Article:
So just because the God of the Bible forbids, for instance, homosexual behavior, has nothing to do with whether we have a natural right to engage in such behavior.

If Evangelicals conceded to my above syllogism, I'd have no problem with their invocation of natural rights.

[Reeb:] "I take it that the utilitarian ethic is your lodestar, and therefore anything that consenting adults agree to is permissible. That would include not only sodomy but sadism and masochism, as long as the parties agree."

Here's is the problem for you, Mr. Reeb: It seems that we do indeed have a "right" to engage in sadomasochism, as long as the parties agree and the behavior is done in private. As far as I am aware, there are no, nor have there ever been any laws on the books in this nation against sadomasochism -- as long as it takes place under those terms (consenting adults, done in private). If a husband and wife, as part of their sex play, want to bring out the whips and chains, that's their business, and the law has never said otherwise.

See these two posts where Eugene Volokh (whom I understand has some affiliation with Claremont) and I rip to shreds Lester Kinsolving of WorldNutDaily, for claiming that if we recognize gay marriage, then we will have to recognize "S & M" marriages, without realizing that "S & M" marriages are already perfectly legal as long as it's a one man/one woman marriage!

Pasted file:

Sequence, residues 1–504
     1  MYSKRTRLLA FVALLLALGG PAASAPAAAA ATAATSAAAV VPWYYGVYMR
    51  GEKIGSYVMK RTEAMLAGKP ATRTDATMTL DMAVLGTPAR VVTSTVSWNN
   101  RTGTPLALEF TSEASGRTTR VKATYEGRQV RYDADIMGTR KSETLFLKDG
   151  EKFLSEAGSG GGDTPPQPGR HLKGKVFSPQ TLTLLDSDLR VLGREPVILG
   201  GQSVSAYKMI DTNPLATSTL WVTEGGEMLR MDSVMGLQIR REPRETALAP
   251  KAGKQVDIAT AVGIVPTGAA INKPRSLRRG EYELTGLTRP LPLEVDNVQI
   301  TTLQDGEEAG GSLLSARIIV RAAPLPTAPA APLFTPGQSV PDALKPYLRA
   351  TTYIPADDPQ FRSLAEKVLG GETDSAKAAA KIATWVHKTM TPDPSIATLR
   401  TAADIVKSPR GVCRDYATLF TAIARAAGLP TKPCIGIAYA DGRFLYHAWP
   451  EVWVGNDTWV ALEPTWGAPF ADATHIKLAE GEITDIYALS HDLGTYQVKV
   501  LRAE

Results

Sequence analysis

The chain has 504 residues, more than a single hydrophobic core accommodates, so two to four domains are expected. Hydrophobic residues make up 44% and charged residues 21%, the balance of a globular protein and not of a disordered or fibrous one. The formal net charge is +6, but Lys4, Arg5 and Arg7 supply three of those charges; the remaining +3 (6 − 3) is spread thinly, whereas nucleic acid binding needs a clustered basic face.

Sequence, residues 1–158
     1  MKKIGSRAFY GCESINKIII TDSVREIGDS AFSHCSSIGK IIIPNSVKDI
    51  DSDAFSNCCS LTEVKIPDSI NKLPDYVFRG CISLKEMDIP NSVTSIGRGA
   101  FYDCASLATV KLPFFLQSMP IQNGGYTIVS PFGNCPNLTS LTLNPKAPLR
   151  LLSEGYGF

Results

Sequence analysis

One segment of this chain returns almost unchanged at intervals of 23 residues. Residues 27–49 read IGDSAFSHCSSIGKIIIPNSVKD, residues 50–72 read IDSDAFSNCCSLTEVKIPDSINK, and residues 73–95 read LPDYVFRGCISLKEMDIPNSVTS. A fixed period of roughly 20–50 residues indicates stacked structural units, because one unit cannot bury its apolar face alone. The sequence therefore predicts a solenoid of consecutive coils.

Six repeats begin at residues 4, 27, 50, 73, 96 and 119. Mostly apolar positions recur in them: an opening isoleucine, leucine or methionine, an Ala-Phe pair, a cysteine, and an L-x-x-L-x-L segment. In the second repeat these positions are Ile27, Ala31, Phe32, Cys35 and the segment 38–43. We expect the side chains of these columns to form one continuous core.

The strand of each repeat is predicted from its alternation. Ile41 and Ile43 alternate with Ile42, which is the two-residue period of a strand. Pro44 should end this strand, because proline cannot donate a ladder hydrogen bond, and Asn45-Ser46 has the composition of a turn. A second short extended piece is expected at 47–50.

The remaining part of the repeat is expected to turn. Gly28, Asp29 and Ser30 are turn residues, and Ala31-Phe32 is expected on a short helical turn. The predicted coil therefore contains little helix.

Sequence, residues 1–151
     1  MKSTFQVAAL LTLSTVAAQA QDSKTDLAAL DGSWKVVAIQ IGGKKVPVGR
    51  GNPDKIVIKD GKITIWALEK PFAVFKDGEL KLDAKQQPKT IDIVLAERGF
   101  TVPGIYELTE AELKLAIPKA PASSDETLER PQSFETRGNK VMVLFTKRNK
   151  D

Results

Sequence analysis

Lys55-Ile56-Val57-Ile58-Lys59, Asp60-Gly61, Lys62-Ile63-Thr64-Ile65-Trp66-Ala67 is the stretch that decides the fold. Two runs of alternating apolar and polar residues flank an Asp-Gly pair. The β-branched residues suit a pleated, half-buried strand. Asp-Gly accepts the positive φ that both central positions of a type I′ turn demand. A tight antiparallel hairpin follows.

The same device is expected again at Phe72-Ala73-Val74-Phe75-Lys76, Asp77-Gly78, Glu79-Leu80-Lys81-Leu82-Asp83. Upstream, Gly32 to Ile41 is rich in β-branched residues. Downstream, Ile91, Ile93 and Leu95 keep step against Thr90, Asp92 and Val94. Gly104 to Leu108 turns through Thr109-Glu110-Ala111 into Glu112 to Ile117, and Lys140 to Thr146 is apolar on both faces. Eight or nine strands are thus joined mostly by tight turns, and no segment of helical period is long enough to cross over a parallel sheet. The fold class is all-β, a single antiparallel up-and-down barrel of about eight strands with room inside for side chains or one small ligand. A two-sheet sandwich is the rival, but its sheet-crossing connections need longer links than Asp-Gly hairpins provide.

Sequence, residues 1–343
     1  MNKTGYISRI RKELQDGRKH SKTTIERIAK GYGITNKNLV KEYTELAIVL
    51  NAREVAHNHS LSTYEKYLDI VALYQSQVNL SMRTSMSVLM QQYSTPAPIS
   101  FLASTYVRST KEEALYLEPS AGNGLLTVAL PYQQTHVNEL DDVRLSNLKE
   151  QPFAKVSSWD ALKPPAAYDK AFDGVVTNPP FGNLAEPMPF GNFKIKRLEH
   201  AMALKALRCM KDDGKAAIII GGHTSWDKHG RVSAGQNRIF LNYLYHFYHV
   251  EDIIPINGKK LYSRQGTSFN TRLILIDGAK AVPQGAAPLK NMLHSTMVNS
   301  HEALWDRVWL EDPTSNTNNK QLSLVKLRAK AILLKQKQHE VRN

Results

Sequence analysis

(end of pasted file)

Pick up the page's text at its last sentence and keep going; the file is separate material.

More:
Likewise with the natural law. Griswold held that married couples have a constitutional right to use contraception. Now, some very serious natural lawyers believe that this violates the natural law. I think even Harry Jaffa and Claremont have supported the right to maritial privacy under these terms (although, not the reasoning in Griswold). So there you have it: we have a natural constitutional right to privacy, to do what arguably violates the natural law.

This isn't to say that the morality that derives from the natural law or the Bible isn't important to society. But our natural rights regime dictates that most of these decisions be left in the private sphere of society, that individuals, in their "pursuit" of happiness, be guaranteed the right to figure these things out for themselves.

Best wishes,

Jonathan Rowe

Always nice to get a link from Andrew Sullivan. And wow, he said, "and if you aren't familiar with his blog, you should be". I think I'll integrate that into my template.

Saturday, November 05, 2005

Carpenter, Marriage and Definitions:

It looks like Dale Carpenter is wrapping up a fine job he did defending gay marriage over at the Volokh Conspiracy. Thank you Dale for your Yeoman's work.

Let me respond to one thing I see coming up often by gay marriages opponents. They assert marriage by definition is one man/one woman. Calling two men married is like calling a desk a chair. If we so "undefine" marriage as two men or two women, then all the other groups can similarly undefine marriage.

Two quick responses. One, if it's just a "name" we are fighting about, that seems to lend itself to a fair compromise. If two men or two women aren't "marriage," then fine, let's not call it marriage; let's call it something else. Let's call it "garriage," or "domestic partnerships," or "civil unions"; just make sure that such gay unions receive every single right -- federal, state and local -- that opposite sex marriages do.